Saturday, January 31, 2015

Clothes Line Saga

Neighbor tells family
The vice president’s gone mad.

They keep doing chores.

"Clothes Line Saga" might be the craziest of the Basement Tapes songs, and it is certainly the most emblematic of that summer of '67. Dylan tells the story of a family doing chores on a cold day in late January. There's some light, slightly abusive banter between family members, the kind of low-level hum of annoyance that families get when winter cabin fever sets in.

Day 1:
1. They bring clothes in.
2. Mama picks up a book, papa asks what it is, mama says "What do you care?"
3. The clothes must be wet still, so they hang them back on the line.

Day 2:
1. Everyone's chief concern upon waking is seeing if the clothes have dried.
2. Dogs bark. Neighbor passes.
3. Neighbor is grinning. He tells mama that the vice president went mad downtown the night before.
4. Mama says, well, that's just the way it goes. The neighbor says we'll have to forget.
5. Mama asks Bob if the clothes are wet.
6. Bob touches his shirt, but the neighbor interrupts his mission. The neighbor wants to know if some of the clothes are Bob's and if he helps out with the chores. Bob tells him "some of them, not all of them" and "sometime, not all the time."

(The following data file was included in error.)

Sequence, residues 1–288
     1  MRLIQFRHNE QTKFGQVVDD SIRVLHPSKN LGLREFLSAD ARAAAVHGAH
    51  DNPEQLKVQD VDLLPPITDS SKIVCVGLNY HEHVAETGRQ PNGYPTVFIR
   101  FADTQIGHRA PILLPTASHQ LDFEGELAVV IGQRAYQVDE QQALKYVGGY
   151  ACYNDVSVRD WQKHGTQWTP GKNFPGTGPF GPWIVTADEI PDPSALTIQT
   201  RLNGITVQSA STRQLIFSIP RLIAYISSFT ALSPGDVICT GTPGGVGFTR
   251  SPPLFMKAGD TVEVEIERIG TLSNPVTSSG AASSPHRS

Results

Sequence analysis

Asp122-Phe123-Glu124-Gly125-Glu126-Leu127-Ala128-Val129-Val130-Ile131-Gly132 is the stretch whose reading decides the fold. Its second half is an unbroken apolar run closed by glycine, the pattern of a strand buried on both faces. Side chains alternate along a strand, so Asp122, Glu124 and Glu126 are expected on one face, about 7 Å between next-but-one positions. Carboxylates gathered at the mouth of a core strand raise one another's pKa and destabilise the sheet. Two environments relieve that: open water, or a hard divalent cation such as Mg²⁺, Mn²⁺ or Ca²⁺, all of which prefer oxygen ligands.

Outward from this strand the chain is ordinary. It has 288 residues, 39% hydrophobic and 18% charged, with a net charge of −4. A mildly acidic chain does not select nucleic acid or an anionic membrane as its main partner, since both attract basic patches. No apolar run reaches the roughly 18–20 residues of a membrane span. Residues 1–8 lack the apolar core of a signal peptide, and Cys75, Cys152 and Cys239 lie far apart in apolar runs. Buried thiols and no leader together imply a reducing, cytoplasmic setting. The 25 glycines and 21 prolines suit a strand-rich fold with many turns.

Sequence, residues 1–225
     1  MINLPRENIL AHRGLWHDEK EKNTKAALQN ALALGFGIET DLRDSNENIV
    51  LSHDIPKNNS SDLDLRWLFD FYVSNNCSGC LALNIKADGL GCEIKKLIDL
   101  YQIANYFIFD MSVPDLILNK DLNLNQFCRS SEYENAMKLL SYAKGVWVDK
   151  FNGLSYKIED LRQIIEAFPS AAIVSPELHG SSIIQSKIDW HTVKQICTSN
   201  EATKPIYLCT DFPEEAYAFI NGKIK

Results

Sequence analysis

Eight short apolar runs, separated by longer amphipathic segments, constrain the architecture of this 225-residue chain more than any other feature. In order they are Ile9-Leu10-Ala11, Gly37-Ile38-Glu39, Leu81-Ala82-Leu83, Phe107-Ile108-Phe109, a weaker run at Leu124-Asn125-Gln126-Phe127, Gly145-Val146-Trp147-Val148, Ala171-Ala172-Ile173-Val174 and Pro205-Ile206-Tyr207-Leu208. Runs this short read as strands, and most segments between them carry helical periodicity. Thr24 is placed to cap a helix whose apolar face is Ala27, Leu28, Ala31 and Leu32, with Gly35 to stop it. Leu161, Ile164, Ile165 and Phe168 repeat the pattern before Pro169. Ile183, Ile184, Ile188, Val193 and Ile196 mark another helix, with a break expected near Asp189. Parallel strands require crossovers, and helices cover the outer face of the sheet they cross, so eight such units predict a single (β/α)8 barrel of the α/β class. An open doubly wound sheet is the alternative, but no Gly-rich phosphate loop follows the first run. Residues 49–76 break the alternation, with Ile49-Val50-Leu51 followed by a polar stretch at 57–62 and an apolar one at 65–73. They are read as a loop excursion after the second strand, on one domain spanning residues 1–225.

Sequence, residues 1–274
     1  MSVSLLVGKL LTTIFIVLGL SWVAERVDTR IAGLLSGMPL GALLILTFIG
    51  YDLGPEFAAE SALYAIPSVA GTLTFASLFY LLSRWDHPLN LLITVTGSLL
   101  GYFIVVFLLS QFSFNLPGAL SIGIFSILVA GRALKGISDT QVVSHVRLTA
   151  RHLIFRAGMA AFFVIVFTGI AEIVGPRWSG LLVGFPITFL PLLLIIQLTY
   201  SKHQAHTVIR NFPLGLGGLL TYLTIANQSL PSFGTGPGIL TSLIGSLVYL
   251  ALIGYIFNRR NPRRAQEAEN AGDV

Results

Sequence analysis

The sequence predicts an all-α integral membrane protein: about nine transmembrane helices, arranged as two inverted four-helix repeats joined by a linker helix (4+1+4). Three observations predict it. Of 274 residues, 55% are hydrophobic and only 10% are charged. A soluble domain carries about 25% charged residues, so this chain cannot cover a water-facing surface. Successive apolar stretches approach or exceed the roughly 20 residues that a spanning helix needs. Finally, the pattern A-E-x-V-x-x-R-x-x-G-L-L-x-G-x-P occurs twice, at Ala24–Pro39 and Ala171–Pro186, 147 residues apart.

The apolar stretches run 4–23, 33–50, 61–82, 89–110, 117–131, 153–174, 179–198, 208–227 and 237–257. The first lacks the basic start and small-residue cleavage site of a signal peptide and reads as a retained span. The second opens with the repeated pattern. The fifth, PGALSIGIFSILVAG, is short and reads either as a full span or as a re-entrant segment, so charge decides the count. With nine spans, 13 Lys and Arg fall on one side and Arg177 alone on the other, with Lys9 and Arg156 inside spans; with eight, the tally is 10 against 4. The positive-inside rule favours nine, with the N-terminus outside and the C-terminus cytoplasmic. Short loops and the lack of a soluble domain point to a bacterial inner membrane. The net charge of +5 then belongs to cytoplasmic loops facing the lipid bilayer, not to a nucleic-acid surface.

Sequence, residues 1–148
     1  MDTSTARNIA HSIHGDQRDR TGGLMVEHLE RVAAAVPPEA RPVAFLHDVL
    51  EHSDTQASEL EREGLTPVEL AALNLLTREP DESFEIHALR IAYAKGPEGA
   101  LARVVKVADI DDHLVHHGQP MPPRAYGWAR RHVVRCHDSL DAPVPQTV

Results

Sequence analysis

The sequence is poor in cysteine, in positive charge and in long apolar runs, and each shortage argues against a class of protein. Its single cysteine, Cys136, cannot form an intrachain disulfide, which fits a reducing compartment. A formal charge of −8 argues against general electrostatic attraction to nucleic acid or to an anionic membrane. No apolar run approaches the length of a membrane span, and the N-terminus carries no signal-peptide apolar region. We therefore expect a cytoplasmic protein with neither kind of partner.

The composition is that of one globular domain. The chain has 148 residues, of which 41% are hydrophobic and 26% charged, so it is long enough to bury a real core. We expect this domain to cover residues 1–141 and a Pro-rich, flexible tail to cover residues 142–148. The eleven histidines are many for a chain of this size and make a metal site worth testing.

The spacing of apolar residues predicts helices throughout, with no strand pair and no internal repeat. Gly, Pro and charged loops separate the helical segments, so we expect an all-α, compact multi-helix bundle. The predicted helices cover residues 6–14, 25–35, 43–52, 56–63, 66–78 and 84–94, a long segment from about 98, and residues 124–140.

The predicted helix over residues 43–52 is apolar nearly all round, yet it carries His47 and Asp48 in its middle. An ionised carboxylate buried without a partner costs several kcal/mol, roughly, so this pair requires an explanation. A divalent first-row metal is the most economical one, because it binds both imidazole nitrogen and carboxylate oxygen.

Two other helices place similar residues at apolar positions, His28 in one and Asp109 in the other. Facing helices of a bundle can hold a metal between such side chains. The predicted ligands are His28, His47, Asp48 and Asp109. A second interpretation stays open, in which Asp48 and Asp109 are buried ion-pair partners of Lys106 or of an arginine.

7. Papa tells Bob that mama wants him to come in and bring the clothes.
8. Bob meets mama inside and they shut all the doors.

I can't say whether there's supposed to be some deeper meaning here. The laconic pace and the deadpan, straightforward delivery of the words indicate to me that the song is about nothing more than it claims to be, though various people have suggested anti-war statements regarding Vietnam and the White House, as well as some kind of strange answer to the Ode to Billy Joe. I like it more as an absurd, Luis Bunuel-style short film that's about clothes, neighbors and a family. It fits right in with the strange picture of Ruritania that so much of the rest of the Basement Tapes delivers in that old-timey, weird spooky way that it does.


And here's a delightful cover by a guy Phil J. Gray in his room, wearing a sombrero.






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